Child Cognitive and Psychological Development
In order to understand behaviour management for helping children accept dental care, a basic knowledge of the child’s cognitive and psychological development is essential.
Theories of Cognitive and Psychological Development
The cognitive capability of children changes from birth through to adulthood. Various theories divide this process into a number of stages for clarity and ease of description.
John Piaget’s Theory of Cognitive Development
This important theory has three important concepts, schema, assimilation and accommodation. Schemas are categories of knowledge that help us to interpret and understand the world. The process of taking in new information into our previously existing schemas is known as assimilation. Accommodation involves altering existing schemas, or ideas, as a result of new information or new experiences.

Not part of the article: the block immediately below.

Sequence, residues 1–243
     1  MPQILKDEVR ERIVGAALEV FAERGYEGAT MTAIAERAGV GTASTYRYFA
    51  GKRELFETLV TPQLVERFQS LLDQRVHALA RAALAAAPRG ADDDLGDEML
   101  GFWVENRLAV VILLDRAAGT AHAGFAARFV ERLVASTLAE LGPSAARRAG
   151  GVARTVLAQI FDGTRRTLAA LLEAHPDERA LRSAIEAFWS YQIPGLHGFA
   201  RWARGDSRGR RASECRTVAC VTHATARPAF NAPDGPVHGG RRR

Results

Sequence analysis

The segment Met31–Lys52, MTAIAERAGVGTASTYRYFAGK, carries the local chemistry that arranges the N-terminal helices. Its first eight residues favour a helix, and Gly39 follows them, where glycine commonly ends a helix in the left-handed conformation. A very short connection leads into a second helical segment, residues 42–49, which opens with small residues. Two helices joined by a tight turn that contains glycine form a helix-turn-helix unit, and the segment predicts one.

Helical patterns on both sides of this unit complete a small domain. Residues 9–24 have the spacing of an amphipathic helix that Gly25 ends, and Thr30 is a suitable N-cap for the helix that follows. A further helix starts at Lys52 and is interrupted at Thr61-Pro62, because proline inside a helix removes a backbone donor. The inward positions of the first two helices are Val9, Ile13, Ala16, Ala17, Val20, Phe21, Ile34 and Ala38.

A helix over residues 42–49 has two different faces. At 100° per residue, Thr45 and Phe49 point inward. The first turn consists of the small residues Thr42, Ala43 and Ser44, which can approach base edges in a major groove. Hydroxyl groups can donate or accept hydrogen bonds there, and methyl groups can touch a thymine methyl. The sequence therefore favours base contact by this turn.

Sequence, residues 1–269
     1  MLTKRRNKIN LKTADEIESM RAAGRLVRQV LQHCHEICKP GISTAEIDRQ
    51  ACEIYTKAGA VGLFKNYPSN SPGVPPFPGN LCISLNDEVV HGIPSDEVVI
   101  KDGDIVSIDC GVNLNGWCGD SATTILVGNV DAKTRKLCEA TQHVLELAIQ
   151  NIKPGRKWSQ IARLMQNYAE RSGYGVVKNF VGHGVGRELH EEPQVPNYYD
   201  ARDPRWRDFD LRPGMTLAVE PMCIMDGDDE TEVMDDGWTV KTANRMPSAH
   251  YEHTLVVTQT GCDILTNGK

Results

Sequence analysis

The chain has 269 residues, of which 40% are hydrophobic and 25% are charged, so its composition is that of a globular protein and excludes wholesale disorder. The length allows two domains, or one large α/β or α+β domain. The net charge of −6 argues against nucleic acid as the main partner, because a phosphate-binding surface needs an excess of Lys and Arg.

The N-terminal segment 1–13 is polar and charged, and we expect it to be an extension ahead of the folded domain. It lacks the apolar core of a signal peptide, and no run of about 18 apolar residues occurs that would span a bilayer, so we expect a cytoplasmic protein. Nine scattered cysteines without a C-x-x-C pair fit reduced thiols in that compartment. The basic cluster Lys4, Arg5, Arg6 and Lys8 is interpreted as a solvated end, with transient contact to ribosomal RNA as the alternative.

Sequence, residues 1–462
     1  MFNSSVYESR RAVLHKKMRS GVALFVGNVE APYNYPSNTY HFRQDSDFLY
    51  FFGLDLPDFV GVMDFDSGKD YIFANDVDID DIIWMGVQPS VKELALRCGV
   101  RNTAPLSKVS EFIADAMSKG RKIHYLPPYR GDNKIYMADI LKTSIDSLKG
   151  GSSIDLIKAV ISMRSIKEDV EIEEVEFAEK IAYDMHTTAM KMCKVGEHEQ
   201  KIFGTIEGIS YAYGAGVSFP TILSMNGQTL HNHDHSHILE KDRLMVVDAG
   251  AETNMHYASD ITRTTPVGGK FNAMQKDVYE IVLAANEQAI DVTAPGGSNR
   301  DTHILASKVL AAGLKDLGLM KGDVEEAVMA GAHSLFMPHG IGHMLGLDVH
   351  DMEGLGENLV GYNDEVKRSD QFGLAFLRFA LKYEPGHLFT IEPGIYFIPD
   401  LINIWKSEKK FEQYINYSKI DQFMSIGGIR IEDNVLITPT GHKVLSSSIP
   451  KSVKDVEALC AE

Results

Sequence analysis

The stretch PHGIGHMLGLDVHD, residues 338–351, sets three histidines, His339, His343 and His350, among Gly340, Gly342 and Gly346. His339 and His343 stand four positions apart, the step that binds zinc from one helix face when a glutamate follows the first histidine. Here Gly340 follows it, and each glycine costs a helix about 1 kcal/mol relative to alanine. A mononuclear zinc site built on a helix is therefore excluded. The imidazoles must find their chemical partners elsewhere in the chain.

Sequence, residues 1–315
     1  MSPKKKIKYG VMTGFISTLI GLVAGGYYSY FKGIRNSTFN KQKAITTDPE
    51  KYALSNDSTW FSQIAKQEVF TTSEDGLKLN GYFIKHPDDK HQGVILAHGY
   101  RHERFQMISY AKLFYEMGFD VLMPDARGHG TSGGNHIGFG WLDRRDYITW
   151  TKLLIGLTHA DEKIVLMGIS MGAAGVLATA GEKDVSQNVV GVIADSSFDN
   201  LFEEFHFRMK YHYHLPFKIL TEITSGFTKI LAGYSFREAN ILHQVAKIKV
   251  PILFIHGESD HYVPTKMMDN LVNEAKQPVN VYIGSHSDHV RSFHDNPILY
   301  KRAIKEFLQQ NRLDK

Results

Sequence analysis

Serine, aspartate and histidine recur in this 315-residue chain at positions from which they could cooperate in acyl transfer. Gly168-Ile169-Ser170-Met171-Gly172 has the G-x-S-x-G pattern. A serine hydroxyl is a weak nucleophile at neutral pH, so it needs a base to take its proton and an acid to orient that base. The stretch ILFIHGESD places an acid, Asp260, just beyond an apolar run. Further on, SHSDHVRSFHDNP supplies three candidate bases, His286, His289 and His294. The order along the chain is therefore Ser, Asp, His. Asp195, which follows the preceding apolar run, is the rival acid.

Piaget believed that all children try to strike a balance between assimilation and accommodation, which is achieved through a mechanism called equilibration. As children progress through the stages of cognitive development, it is important to maintain a balance between applying previous knowledge (assimilation) and changing behaviour to account for new knowledge (accommodation). Equilibration helps explain how children are able to move from one stage of thought into the next.
According to Piaget there are four stages of cognitive development:
Erikson’s Psychosocial Theory (Table 3.1)
Erikson believed that personality develops in stages with each stage characterised by a conflict or a crisis (Table 3.1). The stages are:
- Stage 1. Infancy: age 0–1 years.
- Stage 2. Toddler: age 1–2 years.
- Stage 3. Early childhood: age 2–6 years.
- Stage 4. Elementary and middle school years: age 6–12 years.
- Stage 5. Adolescence: age 12–18 years.
- Stage 6, 7 and 8 relate to young adulthood through late adulthood.
|Stages||Crisis or conflict|